I haven’t been home for four years. Or at least the place I think of when someone says the word “home”. A Victorian terraced house that sits amidst an organised delta of roads leading down to the sea in Worthing. My parents don’t live there anymore; I have few friends in the town. Those childhood friends I am still in touch with were all desperate to escape and move to London. Like moths we moved to the city lights away from the car parks and the rust and those peculiarly distinctive blocks of flats.
I came across this excellent blog by Owen Hatherly which seems to very neatly capture the twin feelings of nostalgia and distaste that the unlovely parts of the South Coast inspire in those who have left them. Because there will always be another us living a life parallel to our own, an us who stayed by that turbid sea because of a girl or a job, and were perhaps happy there. I’m sure some of us return to these places when the appeal of London’s jagged sophistication wanes and we find comfort in the conservatism of the thirties architecture that has relentlessly obliterated the Regency dash that preceded it. We return to the pubs where time’s march is stalled by the thickness of the dust in the air and we sip stale pints and watch nothing happening very slowly.
The four years I have been away must have changed Worthing. Already back then there were signs of a particularly Jerry-built form of regeneration, cheap finance driving renovation projects that turned tired hotels into luxury apartments, tatty boozers like the one above into gastro-pubs with Hoegaarden on tap. I resent those changes. Not only because they were fuelled by bubble-finance nonsense, but also because I don’t want to go back and see Worthing as something other than it is in my mind, bright and alive with the hopes of my teenage years, the nights shimmering with daisy-chains of coloured bulbs strung out along the seafront, the town centre somehow glamorous despite the Guildbourne Centre.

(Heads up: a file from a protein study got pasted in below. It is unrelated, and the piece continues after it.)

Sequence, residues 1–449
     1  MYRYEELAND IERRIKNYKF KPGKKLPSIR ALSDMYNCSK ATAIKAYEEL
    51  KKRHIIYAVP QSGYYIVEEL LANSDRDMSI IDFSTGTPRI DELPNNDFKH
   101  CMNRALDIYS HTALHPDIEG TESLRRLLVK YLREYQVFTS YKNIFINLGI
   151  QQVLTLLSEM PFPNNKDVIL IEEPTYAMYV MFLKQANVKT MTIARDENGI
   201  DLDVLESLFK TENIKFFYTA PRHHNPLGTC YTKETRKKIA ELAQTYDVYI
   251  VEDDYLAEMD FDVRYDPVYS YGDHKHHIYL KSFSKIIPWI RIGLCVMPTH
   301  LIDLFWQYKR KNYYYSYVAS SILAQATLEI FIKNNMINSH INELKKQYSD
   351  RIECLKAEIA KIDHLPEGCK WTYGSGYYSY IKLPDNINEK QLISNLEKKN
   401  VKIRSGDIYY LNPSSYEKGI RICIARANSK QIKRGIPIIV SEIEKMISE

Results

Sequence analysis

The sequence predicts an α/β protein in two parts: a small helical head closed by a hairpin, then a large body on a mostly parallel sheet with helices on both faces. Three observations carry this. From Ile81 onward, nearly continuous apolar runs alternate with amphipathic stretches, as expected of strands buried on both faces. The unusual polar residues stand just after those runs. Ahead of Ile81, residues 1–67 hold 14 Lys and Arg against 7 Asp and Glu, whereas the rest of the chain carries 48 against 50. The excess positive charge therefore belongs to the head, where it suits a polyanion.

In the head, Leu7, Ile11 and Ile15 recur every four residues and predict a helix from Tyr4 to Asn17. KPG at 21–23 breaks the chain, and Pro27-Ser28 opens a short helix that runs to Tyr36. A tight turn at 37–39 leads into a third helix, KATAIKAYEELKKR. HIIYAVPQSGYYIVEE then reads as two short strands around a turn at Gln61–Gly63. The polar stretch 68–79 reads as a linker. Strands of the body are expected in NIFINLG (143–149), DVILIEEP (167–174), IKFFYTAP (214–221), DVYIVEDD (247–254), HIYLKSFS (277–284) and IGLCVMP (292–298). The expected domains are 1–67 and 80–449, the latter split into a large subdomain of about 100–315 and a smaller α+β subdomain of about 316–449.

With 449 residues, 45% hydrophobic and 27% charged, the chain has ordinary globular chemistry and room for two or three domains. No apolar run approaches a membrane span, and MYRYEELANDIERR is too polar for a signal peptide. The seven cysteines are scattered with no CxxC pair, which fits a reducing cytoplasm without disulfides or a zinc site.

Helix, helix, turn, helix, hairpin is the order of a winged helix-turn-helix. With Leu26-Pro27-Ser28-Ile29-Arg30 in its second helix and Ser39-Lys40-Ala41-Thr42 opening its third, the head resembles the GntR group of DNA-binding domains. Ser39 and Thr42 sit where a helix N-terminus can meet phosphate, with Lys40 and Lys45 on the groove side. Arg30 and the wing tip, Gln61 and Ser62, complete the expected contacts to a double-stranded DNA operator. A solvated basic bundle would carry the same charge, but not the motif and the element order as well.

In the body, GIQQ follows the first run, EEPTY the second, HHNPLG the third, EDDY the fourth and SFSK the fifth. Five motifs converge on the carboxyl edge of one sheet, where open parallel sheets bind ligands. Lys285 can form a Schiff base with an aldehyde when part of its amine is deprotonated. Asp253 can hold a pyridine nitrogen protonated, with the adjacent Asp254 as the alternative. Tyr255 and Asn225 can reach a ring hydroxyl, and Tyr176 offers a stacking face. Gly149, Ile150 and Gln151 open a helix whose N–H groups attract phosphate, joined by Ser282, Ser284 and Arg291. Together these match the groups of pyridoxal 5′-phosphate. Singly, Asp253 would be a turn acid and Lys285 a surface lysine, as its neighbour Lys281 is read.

I will go back. I will meet up with my best friend Julian and we will take a morning train down from Victoria, measure out wistful footsteps along the promenade, eat an ice-cream at Macari’s. And we will wallow in the nostalgia and drink too much and talk in majestic sentences about the future and what we will achieve… Because in Worthing everything will still seem ahead of us, even though it isn’t, and even though we are now losing our hair and settling down. We all need a seaside town like this. We all need a Worthing.